By Steven Boone
Screened at the 45th New York Film Festival.
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They get mean when they get old, these great directors. Hitchcock made the merciless, despairing Frenzy at 73. Woody Allen wrote and directed the godless-universe tragedy Match Point at 70. And now 83-year-old Sidney Lumet damns us all with Before the Devil Knows You're Dead.
But just like Frenzy and Match Point, Lumet's crime saga pulsates with a sense of its creator's pure joy of filmmaking. "Unimaginably pleasurable to make," Orson Welles once told Peter Bogdanovich of the former's ecstatically grim Touch of Evil. Well, even as the bodies slump over bleeding in Before the Devil Knows You're Dead, you can almost hear Lumet giggling.
Let's take a quixotic lunge at describing this flick without giving up crucial spoilers that the oncoming months of buzz, festival coverage, TV spots and trailers surely will: Hard up for cash, coke-sniffing executive Andy (Philip Seymour Hoffman) and his blue collar younger brother Hank (Ethan Hawke) plot a jewelry store heist that, yep, goes all wrong. The plan was to use no weapons, just a toy gun, but somehow a loved one, the last person in the world either of them would want to hurt, ends up critically wounded and brain dead. Still, they escape the law and suspicion—until their father Charles (Albert Finney) starts investigating the crime on his own. It was his jewelry store, after all. Buckets of blood, sweat and tears ensue.
Before the Devil Knows You're Dead is New Jersey playwright Kelly Masterson's first original screenplay; he seems to have studied the mathematical construction and high melodrama of the great noirs before jotting down a word. Not bad. This film is satisfying in a thousand old-fashioned ways and ludicrous in others that matter more to plot/continuity accountants than to folks who like their crime stories operatic. If you're the type who couldn't get past a pivotal scene in De Palma's Scarface because, "come on, nobody can sniff that much cocaine and then shoot straight," then you'll probably have trouble with this flick. It all hinges on whether you believe these suburban Joes are desperate enough to pull even a small-time heist.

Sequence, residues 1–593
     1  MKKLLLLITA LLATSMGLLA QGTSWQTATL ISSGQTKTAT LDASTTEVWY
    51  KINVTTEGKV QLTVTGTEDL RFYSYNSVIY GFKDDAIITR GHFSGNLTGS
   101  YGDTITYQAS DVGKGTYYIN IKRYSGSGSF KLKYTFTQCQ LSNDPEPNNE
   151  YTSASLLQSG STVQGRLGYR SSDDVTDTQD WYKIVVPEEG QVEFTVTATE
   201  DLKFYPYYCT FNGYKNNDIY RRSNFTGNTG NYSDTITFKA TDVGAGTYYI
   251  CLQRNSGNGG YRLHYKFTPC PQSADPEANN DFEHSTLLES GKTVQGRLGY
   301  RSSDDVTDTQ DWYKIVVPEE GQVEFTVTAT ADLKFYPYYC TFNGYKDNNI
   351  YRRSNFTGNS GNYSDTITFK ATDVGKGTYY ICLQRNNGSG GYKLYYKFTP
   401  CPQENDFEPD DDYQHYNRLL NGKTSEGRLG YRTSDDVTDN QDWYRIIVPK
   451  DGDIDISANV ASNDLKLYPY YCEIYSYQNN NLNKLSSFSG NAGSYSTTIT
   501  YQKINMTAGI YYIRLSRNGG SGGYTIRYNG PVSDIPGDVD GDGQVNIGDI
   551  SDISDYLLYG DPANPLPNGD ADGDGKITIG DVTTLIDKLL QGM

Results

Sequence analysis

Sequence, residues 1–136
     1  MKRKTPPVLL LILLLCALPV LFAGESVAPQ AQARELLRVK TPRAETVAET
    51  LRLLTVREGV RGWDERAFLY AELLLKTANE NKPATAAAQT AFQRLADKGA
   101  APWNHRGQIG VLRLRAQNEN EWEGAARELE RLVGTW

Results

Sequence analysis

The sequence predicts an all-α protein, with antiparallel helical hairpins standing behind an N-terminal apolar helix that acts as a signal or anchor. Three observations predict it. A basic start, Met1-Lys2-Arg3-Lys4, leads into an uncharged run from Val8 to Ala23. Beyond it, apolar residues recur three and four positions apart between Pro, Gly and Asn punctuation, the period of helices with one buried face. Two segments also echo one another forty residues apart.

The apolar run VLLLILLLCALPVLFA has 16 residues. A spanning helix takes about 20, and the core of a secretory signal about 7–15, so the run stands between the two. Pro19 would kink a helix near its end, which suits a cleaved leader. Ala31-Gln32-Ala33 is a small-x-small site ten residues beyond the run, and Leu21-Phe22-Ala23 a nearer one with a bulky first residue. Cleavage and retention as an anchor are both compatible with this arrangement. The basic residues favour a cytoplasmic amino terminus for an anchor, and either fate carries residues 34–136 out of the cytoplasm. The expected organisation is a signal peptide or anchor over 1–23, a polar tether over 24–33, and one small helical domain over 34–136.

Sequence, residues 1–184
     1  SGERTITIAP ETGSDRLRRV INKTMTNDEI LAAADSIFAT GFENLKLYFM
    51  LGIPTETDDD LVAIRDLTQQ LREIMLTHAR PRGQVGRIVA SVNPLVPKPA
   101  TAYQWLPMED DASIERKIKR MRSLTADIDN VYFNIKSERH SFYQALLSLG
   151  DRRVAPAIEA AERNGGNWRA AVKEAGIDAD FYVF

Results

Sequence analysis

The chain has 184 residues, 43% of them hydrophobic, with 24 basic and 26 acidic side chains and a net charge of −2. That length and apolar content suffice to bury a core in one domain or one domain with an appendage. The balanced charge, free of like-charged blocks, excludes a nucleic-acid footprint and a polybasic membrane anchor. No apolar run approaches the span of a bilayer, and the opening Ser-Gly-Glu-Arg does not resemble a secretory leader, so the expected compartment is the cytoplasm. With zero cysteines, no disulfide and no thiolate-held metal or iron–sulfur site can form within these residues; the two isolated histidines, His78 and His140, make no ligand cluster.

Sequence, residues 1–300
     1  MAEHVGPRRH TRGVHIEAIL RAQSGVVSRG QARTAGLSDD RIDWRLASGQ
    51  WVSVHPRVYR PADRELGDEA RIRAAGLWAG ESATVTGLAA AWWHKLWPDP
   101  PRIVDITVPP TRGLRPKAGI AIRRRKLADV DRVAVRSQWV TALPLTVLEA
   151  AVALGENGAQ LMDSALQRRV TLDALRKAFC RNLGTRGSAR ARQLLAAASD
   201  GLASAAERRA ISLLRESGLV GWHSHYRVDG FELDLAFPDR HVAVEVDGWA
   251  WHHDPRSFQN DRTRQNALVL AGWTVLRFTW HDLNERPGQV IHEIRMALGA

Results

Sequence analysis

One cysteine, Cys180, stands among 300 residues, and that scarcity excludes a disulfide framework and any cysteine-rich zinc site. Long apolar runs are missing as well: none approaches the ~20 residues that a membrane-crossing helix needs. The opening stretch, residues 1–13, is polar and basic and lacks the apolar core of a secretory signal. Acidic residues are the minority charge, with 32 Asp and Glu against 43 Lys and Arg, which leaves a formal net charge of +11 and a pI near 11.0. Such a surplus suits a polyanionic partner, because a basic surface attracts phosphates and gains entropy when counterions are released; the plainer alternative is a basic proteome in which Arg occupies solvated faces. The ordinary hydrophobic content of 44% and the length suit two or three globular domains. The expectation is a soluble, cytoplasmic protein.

Lumet is more concerned with 1) orchestrating scenes with the Swiss timing and piercing compositions we remember from his best films (Serpico; The Verdict); 2) honoring and lavishing the dysfunctional family dramatic thread that gives the film both its momentum and its credibility problems; 3) giving some gifted actors a whole lot of red meat to chomp on. Sorry to drop yet another name, but Stephen Frears's Dirty Pretty Things was this kind of beast: Frears's love for his motley assortment of actors and of choice, flavorful moments powered through a kind of unbelievable story about immigrants selling their organs. (Look here, ain't no immigrant who looks like Audrey Tautou desperate enough to sell any organs that ain't on the outside.) Before the Devil Knows You're Dead runs with the notion that the brothers are so down and out and insecure because of their stone-hard father's emotional abuse. (Thank God Daddy-obsessed Spielberg didn't snatch up this script.) Even though the robbery is intended as a "victimless crime" in which Pop would be reimbursed by insurance, it's clear that their scheme is also a latent act of rebellion. This is the kind of subtext actors love to play with, and Lumet doesn't stand in their way.
Hoffman portrays the kind of corporate go-getter who frets over his net worth the way some men check penis length—and for the same reasons: His luscious wife Gina (Marisa Tomei) has expensive tastes. Tomei plays a calculating wifey with a heart full of the same stuff she's digging. She really cares about Andy, despite carrying a secret that essentially makes a fool out of him and leads to a fatal confrontation. As the brothers' mom, Rosemary Harris is roughly the same bland old WASP lady she plays as Spiderman's Aunt May. Here she gets to show some physical skill in the first of the film's three crackling action-suspense scenes. Albert Finney initially plays Dad a bit frail and long past his days of being the family tyrant, until he gets consumed with solving the crime. Lumet gives him and Hoffman what could have been their "could have been a contender" moment of confession and tearful lament, but the scene is overwritten and dramatically unnecessary. A better "contender" duet happens between Hoffman and Hawke. Hanging their heads in shame at what they've done, they struggle to figure out their next move, only to dredge up more and more shameful family business. Though Hoffman's character is the cokehead, Hawke plays Hank like a hardcore dope fiend throughout. He'd be the film's standout performer if it weren't for Michael Shannon's brief scenes as a ball-busting extortionist. Shannon has a face and presence Lumet surely wishes he'd had had on tap for character roles in Dog Day Afternoon and Prince of the City.
There's not much new here, aside from Lumet's enthusiasm and simple craft. In the age of Transformers, that's enough for me.
Steven Boone is a New York-based critic and filmmaker, a contributor to Vinyl is Heavy and the publisher of the pop culture blog Big Media Vandalism.